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Re: Battery Contact Fault
« Reply #3 on: October 04, 2012, 02:47:17 PM »

>> I think I might have one of those devious intermittent fault type thingies.

The fact that it was worse yesterday when there was heavy rain, could be pointing that way.. particularly when water on the line is one of the common things that can trigger 'battery contact fault'.  See what Mr BTman has to say, other than that, it may be time to install Routerstats and see if that can show up anything.   Hopefully though they find the fault this afternoon :fingers:
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burakkucat

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Re: Battery Contact Fault
« Reply #4 on: October 04, 2012, 08:26:20 PM »

There are two types of contact fault that a pair can experience -- (1) battery and (2) earth.

The first is where the normal -50 V DC has been detected where it should not be and the second is where an earth connection has been detected where it should not be. In both cases they are the result of a short-circuit to some other entity that has electrical conducting ability.

Water, wire trimmings, badly refitted joint cover, etc, can all contribute to a "contact fault" on a pair.
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Black Sheep

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Re: Battery Contact Fault
« Reply #5 on: October 04, 2012, 08:31:18 PM »

It's extremely rare to be able to 'hear' a resistive battery contact fault, by utilising QLT on the phone handset. If there was a 'full contact' (IE- completely in contact with another line), then you would hear the other EU talking if you were both using your phones at the same time, but other than that ........... it will almost certainly still be quiet.

If it was a 'HR' then you would have a 'crackling' noise. If it was an 'Earth contact', you would hear a humming/buzzing noise.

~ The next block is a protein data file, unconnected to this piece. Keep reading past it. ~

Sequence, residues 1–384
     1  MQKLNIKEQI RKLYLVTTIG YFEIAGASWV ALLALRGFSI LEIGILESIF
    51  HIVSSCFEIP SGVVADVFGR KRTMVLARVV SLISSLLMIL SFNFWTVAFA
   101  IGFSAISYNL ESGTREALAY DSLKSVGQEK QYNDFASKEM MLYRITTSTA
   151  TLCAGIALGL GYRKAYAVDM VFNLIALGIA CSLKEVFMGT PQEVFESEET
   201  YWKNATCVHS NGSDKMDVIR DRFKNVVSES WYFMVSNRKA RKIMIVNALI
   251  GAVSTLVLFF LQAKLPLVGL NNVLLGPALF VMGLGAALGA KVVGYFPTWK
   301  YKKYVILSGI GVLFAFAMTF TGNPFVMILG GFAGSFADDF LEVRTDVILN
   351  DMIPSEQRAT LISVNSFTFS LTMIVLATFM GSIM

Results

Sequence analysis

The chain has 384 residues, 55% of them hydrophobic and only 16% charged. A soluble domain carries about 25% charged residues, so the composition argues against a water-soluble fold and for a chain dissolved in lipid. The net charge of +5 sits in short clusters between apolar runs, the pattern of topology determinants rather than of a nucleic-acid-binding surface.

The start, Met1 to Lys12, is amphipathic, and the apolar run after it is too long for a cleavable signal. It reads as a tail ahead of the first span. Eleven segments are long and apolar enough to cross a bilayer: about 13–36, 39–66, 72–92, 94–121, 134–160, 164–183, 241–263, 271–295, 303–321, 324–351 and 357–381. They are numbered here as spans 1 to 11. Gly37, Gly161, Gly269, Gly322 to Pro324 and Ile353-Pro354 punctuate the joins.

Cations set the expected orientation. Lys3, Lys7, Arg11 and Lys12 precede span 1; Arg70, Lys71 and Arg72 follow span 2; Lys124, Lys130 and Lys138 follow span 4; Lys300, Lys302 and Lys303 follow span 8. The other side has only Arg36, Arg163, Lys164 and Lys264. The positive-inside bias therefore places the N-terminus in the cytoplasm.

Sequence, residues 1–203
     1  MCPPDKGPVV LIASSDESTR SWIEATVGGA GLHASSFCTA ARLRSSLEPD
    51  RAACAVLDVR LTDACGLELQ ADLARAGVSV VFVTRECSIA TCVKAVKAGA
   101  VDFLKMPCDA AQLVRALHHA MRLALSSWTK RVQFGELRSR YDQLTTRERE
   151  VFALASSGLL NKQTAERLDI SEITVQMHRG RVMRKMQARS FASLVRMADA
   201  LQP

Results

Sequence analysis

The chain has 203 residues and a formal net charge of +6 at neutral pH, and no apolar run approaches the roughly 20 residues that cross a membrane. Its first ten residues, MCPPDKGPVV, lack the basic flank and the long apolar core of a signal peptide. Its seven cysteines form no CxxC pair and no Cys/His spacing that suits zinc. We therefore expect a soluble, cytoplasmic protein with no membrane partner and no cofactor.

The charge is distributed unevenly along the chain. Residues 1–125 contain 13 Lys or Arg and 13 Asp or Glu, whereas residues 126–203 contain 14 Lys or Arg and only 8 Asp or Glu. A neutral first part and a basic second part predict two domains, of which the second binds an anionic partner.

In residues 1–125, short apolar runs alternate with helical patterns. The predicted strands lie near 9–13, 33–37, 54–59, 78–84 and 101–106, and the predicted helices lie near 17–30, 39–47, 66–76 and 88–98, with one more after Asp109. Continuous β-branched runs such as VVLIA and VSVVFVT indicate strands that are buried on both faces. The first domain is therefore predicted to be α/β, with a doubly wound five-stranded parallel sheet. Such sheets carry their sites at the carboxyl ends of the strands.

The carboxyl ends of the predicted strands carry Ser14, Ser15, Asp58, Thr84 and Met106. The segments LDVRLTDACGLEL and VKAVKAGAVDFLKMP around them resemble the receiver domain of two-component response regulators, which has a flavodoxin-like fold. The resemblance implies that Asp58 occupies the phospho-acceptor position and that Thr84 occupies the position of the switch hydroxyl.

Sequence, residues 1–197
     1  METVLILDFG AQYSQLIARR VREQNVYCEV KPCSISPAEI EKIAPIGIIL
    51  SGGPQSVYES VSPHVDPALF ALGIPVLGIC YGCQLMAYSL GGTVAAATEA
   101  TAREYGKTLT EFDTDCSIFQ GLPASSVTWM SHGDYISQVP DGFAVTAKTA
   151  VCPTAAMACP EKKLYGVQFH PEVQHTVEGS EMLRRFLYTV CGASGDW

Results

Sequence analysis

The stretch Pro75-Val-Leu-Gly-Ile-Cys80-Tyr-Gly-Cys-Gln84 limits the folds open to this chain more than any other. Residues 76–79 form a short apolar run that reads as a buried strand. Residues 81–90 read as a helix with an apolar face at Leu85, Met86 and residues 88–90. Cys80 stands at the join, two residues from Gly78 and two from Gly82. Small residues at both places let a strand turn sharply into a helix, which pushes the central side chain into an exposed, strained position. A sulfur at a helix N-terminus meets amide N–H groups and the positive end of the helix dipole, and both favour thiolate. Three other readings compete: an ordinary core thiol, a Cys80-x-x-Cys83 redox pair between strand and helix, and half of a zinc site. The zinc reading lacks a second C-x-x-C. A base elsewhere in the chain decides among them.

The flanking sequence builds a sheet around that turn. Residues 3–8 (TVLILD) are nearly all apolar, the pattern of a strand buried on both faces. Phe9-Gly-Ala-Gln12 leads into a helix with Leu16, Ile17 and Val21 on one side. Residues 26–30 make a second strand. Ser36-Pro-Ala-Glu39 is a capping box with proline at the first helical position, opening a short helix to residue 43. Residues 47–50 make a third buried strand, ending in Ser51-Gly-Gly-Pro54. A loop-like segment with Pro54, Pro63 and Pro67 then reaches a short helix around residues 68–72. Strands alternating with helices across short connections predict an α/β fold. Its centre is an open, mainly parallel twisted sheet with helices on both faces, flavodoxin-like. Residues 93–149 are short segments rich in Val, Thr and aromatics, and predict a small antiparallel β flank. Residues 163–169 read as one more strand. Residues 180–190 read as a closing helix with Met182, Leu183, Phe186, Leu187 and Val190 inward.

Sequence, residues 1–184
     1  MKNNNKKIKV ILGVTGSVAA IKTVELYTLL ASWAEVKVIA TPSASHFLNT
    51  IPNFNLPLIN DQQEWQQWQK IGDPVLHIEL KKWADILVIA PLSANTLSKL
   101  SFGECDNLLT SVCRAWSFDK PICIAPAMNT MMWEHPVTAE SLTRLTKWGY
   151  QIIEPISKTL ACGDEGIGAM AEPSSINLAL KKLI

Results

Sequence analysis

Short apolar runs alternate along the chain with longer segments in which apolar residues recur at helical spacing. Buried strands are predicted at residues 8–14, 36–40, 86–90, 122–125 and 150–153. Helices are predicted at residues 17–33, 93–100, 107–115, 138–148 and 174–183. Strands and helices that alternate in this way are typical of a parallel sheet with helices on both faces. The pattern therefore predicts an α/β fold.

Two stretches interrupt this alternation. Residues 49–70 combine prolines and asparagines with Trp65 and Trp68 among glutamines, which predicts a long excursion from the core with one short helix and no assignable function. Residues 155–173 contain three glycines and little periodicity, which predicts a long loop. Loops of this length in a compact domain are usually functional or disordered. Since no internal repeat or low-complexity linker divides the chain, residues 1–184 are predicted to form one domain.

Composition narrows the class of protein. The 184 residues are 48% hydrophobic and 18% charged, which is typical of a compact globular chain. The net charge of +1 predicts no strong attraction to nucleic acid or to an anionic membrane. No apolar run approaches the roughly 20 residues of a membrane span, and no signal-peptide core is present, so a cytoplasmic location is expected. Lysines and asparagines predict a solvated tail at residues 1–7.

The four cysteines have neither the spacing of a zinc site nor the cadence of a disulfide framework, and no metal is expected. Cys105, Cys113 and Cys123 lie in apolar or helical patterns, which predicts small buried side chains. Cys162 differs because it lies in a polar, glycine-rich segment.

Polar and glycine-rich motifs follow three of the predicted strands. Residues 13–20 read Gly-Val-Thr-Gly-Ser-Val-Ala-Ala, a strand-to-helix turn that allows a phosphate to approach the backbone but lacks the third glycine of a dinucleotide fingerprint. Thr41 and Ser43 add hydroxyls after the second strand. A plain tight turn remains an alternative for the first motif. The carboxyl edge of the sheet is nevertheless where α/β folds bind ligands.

Assuming you only have the one circuit entering your premises ??, then the engineer may not even visit you as the fault will be outside. If you have 2 or more circuits in the premises, there's a small chance it could be inside.
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Black Sheep

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Re: Battery Contact Fault
« Reply #6 on: October 04, 2012, 08:36:33 PM »

There are two types of contact fault that a pair can experience -- (1) battery and (2) earth.

The first is where the normal -50 V DC has been detected where it should not be and the second is where an earth connection has been detected where it should not be. In both cases they are the result of a short-circuit to some other entity that has electrical conducting ability.

Water, wire trimmings, badly refitted joint cover, etc, can all contribute to a "contact fault" on a pair.

Just for clarity Mr Cat, 'full -50Vdc contact' faults, probably attribute to 5% of the total with regard to this type of fault. They are mainly resistive contact faults putting fault voltages anywhere from 1V to 50v on the line.
We use a wheatstone bridge circuit via our HHT's, to localise where the fault could lie. :)     
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kitz

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Re: Battery Contact Fault
« Reply #7 on: October 04, 2012, 09:12:56 PM »

Thank you very much B'cat and BS for the much better explanations :)
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burakkucat

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Re: Battery Contact Fault